You seem to miss the point in trying to get me to take my argument somewhere else. Its not that liberals are insane. Quite frankly I think any suggestion that half the population is "insane" to be both insulting and incredibly arrogant. Labeling the side you disagree with as "insane" is a classic propganda technique, no different than those used in war-time posters. The issue is, does Altemery bias his questionaire with loaded questions intended to achieve specific results. The answer is undoubtly yes.

Edited by chadn737
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If what I say is true, the Altemeyer's questions are biased to achieve a desired outcome and are therefore relevant.

 

The questions can be viewed here: http://www.panojohnson.com/automatons/rwa-scale.xhtml

Yes, I have read the questions in the book, as well as the discussion concerning their validity. From your link:

Is the RWA Scale Valid?

 

According to the High Laws of Science (you do not have to genuflect here), ideas must be repeatedly tested to see if they fail. So the next (and extremely important) question is, does the RWA scale really measure what it says it measures? Are the test scores valid? If they are, we should find that high scorers submit to established authority more than most people do, aggress more in the name of such authority, and are much more conventional. What’s the evidence?

The examination of this topic runs from pages 15 to 29 of chapter 1 of The Authoritarians, and therefore exceeds what it seems reasonable to reproduce here. However, interested persons may read it online. Indeed, they may read the entire book online.

Give me a few minutes to access that section as I have to complete some updates.

 

There is an inherent bias in the questionaire to ask only questions of a certain religious/moral nature where agreement in any way is associated with "authoritarianism". Non-authoritarian questions associated with the right-wing in English speaking nations are completely absent as are any questions related to left-wing authoritarianism. For instance, take a question such as this: "You have to admire those who challenged the law and the majority’s view by protesting for women’s abortion rights, for animal rights, or to abolish school prayer." If reworded to be "You have to admire those who challenged the law and the majority’s view by protesting to save lives from abortion or to lower taxation", you would get a VERY different answer from someone of a left-wing persuasion. Or consider a question regarding gun ownership and government regulation: "The government has the right to limit ownership of guns and we need a strong leader to restrict gun ownership amongst private citizens". Agreement with this statement is clearly authoritarian as they support more power and oversight of a particular activity by individuals. In the US, the right would tend to disagree with such a statement and there would be greater support amongst the left. By biasing the nature of the questions, Altemeyer sets up the questionaire to reaffirm his own suspicions. It is also interesting to note, that the scale has a minimal score of 20 and a high of 180. The average response for adults of older generations in the US is a 90...not very high on the scale.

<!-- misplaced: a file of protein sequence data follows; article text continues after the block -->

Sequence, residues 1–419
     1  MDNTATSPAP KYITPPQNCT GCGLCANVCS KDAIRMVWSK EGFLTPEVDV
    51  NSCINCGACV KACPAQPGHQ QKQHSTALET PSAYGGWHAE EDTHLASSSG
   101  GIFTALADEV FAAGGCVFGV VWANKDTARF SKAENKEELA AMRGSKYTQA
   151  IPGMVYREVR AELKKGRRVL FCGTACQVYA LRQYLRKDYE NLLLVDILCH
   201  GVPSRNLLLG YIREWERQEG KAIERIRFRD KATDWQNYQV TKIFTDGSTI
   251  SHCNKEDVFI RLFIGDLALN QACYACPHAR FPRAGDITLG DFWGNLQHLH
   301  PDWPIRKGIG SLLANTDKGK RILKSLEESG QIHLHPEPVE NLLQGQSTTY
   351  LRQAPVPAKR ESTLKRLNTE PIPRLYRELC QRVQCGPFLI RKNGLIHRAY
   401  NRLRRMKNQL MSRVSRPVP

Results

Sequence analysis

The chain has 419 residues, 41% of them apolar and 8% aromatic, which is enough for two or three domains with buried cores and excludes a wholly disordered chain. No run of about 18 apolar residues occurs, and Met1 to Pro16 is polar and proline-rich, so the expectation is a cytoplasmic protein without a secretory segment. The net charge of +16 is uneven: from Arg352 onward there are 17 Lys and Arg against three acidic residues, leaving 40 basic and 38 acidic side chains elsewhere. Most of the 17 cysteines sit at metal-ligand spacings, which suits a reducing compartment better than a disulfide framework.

You seem to miss the point in trying to get me to take my argument somewhere else. Its not that liberals are insane. Quite frankly I think any suggestion that half the population is "insane" to be both insulting and incredibly arrogant. Labeling the side you disagree with as "insane" is a classic propganda technique, no different than those used in war-time posters. The issue is, does Altemery bias his questionaire with loaded questions intended to achieve specific results. The answer is undoubtly yes.

Blah blah blah. If you don't agree with the studies' methods or conclusions that is fine. If you want to keep harping here, fine too. But you can't simply say the questions are biased and then fail to produce non-biased questions and so declare any such questions are invalid. People take political stances, other people find the why's and wherefore's of those stances of interest because political stances and actions affect lives and so studying the situation is valid. Moreover, people give themselves political labels such as conservative, liberal, libertarian, etcetera so implying that these assignments are imposed by academics is fallacious.

Be back in a bit with information from the book section referenced above. If you haven't read the book, I suggest you do.

The Authoritarians

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Quite frankly I think any suggestion that half the population is "insane" to be both insulting and incredibly arrogant.

Although I agree with you that some bias in the questions of that study is visible, the question itself is reasonable. In a society as vulnerable and targeted by sophisticated psychological manipulation as this one, the notion that half the population is afflicted with a definable and observable psychiatric disorder in consequence - "mildly insane" - is not arrogant or unreasonable in itself. One must make the case, is all.